An example of a limited assurance assignment is a
review engagement. It is possible for small companies, who are not legally required to have a full audit, to have a review of their financial statements to enable them to present their accounts to potential lenders.
There is no precise definition of what is meant by reasonable or limited in this context. However, it is clear that the confidence inspired by a reasonable assurance report is designed to be greater than that inspired by a limited one.
It therefore follows that:
there are more regulations/standards governing a reasonable assurance assignment; the procedures carried out in a reasonable assurance assignment will be more thorough; and the evidence gathered in a reasonable assurance assignment will need to be of a higher quality. Review Engagements
objective of a review of financial statements is to enable an auditor to state whether, on the basis of procedures which do not provide all the evidence required in an audit, anything has come to the auditor's attention that causes the auditor to believe that the financial statements are not prepared in accordance with the applicable financial reporting framework (ie negative/limited assurance).
Guidance on how to perform this type of assignment is given by the IAASB in International Standard on Review Engagements (ISRE) 2400, Engagements to Review Financial Statements.
Review engagements will be carried out using much more limited procedures than a statutory audit. Typically the following procedures are used:
analytical review; and enquiry The Expectations Gap
The greatest level of assurance auditors can provide is reasonable. The limitations of an audit mean that
it is not possible to provide 'absolute' assurance. These limitations include: Financial information includes subjective and judgemental matters. Inherent limitations of controls used as audit evidence. Representations from management may have to be relied upon as the only source of evidence in some areas. Evidence is often persuasive not conclusive; and auditors Do not review 100% of the transactions and balances, they test on a sample basis.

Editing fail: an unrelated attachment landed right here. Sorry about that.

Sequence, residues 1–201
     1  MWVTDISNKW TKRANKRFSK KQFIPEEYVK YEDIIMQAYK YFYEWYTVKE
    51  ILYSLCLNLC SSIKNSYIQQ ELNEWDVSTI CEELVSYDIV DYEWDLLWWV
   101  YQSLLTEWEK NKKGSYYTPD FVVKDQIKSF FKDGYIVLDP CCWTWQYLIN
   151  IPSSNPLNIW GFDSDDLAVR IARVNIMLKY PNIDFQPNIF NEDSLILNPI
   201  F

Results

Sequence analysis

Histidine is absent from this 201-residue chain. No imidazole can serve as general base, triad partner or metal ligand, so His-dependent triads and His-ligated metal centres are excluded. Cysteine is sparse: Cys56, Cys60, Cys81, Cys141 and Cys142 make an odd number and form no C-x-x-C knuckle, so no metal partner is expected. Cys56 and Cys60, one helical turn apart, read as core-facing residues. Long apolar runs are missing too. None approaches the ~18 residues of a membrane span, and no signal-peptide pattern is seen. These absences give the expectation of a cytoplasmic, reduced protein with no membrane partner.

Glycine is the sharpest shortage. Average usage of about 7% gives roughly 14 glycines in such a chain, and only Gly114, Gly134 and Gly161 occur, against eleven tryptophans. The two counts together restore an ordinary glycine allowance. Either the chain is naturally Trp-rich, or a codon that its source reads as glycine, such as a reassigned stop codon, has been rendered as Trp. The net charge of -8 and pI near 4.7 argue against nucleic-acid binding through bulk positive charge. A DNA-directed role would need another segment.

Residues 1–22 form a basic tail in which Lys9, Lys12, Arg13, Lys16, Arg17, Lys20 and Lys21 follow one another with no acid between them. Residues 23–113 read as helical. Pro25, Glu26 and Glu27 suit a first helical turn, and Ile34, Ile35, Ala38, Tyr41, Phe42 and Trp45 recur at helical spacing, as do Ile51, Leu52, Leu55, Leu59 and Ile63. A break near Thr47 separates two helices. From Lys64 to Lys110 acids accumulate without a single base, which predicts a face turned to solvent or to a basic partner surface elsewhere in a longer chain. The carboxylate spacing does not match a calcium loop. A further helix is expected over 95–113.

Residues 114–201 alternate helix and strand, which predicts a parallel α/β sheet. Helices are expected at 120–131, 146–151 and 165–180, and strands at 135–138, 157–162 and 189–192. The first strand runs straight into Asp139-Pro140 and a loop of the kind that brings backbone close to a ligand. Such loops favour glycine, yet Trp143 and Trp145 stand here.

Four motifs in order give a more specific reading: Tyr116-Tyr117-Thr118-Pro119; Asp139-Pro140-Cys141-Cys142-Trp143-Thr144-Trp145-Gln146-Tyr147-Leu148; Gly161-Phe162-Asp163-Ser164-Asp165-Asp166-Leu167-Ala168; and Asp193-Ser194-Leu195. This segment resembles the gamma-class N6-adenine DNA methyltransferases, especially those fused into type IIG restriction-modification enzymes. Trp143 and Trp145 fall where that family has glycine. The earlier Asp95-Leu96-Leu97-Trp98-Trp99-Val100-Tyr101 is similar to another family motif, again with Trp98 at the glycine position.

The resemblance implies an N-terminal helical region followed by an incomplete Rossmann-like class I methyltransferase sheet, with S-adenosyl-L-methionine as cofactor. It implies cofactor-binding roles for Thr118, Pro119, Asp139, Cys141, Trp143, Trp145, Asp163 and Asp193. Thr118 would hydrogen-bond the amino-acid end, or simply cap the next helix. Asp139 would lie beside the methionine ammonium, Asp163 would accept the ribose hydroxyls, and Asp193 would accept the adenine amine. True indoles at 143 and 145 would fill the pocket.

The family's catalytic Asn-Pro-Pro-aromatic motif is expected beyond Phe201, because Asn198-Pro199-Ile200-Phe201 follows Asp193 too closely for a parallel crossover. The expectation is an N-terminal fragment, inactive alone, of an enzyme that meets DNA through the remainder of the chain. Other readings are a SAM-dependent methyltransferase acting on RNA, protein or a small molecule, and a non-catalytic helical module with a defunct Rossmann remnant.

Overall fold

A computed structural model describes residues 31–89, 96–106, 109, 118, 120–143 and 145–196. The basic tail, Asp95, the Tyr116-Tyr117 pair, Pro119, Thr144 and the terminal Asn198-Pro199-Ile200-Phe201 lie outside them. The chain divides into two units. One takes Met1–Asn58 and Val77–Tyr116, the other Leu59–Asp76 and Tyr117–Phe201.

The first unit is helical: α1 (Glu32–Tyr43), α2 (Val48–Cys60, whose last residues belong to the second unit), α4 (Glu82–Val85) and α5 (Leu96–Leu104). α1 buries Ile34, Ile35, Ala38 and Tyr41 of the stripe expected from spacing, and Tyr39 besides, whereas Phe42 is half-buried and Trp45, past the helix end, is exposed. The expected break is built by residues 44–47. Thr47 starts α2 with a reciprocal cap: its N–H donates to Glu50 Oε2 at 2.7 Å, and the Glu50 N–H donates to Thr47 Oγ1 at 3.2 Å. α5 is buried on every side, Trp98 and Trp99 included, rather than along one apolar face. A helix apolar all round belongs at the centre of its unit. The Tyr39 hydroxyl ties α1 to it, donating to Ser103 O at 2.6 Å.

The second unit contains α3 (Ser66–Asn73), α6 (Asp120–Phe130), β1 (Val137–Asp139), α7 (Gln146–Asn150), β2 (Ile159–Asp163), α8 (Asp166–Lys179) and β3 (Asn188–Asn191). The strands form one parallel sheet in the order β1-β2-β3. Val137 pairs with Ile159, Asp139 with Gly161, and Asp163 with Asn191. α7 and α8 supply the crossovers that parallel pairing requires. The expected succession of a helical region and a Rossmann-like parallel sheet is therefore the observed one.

Some users incorrectly believe that an audit does provide absolute assurance; that the audit opinion is a guarantee the financial statements are 'correct'. This and other misconceptions about the role an auditor plays are often referred to as the '
Expectations Gap.' Other examples of these misconceptions include:
a belief that auditors test 100% of transactions and balances: they test on a sample basis; a belief that auditors are required to detect fraud; auditors are required to offer an opinion that the financial statements are free from material misstatement, which may be caused by fraud; auditors are responsible for preparing the financial statements; this is the responsibility of management.
Created at 10/3/2012 12:01 PM by System Account
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Last modified at 11/2/2016 11:28 AM by System Account